What is glaucoma?
Glaucoma is an eye disease in which the optic nerve at the back of the eye becomes damaged and slowly dies over time. In the early stages there are usually no symptoms (although eye pain can be experienced in certain types of glaucoma).
It is estimated that 300,000 people in Australia currently have glaucoma. 150,000 of these people do not know that they have it.
Glaucoma is often, but not always, related to increased pressure of the fluid inside the eye. Checking the pressure of the eye is one important test we do to check for glaucoma but this measurement alone is not enough to diagnose and monitor the disease. The heath of the optic nerve at the back of the eye also needs to be assessed. Further tests used in diagnosing and monitoring glaucoma include visual field testing, retinal photography, measurement of corneal thickness, and optic nerve scanning (Optical Coherence Tomography - OCT).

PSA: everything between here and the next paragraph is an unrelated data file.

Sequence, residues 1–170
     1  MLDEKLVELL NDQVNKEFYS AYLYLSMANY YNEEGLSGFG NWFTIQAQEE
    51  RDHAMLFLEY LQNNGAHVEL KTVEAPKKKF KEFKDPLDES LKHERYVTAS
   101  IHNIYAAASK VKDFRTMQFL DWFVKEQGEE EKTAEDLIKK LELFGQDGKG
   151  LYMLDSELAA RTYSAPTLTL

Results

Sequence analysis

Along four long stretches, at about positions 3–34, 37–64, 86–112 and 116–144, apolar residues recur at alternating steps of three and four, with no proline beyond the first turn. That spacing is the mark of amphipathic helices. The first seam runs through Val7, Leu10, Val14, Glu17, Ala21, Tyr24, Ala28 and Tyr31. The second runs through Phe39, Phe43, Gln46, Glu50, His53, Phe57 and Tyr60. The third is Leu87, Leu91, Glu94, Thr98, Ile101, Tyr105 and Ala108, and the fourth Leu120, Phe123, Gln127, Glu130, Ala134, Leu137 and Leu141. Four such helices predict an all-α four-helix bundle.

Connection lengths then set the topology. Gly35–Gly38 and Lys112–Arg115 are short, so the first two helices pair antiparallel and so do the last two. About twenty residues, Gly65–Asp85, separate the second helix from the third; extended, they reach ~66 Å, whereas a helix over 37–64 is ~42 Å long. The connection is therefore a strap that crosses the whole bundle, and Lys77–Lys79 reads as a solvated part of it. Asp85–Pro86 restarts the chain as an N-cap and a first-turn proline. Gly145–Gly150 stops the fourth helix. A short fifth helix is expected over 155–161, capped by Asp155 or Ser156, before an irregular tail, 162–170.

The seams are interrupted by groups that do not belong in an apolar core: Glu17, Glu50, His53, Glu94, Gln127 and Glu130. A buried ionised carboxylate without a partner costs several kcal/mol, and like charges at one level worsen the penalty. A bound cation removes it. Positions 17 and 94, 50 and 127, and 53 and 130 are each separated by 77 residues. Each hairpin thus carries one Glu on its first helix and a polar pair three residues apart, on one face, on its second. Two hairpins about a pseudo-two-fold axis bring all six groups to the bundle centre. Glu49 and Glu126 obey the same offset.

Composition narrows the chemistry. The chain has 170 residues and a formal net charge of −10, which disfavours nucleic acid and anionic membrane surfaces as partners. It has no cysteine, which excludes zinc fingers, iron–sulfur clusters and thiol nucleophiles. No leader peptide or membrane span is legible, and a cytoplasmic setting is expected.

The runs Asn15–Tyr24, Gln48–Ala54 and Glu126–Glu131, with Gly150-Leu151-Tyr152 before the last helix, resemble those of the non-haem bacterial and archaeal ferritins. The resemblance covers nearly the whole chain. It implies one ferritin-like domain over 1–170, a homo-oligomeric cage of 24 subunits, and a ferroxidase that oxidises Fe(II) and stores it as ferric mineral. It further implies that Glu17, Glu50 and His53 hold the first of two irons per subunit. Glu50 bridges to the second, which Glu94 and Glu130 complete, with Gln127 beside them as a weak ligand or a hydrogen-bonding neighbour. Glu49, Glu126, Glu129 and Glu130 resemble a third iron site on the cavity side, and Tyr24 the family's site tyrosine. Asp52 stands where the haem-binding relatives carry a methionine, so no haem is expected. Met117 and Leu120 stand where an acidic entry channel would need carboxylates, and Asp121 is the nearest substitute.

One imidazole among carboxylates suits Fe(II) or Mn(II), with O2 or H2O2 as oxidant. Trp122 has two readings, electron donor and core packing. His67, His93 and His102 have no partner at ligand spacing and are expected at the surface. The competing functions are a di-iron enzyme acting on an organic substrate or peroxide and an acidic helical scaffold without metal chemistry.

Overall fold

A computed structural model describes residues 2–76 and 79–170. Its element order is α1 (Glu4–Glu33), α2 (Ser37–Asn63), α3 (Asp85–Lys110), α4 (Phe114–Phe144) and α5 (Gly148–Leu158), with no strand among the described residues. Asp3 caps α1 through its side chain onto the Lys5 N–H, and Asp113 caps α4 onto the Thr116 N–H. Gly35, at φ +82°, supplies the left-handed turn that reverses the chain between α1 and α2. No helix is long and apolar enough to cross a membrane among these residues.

Glaucoma leads to loss in peripheral (side) vision, which eventually can become tunnel vision. It can lead to total blindness if left untreated. Although glaucoma usually progresses slowly it is important that it is detected early as once vision is lost it cannot be restored. Glaucoma is most commonly treated with eye drops to lower the pressure in the eye. It is also sometimes treated surgically. If we suspect that you are developing glaucoma we will refer you to a specialist (ophthalmologist) for further assessment.